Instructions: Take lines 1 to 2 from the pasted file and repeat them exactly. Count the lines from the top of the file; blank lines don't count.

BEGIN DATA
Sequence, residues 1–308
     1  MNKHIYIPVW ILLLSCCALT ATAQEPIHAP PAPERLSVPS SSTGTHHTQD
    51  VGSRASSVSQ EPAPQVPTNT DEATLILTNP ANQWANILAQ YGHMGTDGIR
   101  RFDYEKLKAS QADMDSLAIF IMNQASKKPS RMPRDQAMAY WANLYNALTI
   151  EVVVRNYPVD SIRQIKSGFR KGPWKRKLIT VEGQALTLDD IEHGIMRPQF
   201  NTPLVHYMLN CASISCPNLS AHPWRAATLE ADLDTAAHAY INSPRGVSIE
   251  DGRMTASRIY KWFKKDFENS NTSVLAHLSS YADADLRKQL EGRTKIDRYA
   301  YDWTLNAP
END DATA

Sequence, residues 1–308
     1  MNKHIYIPVW ILLLSCCALT ATAQEPIHAP PAPERLSVPS SSTGTHHTQD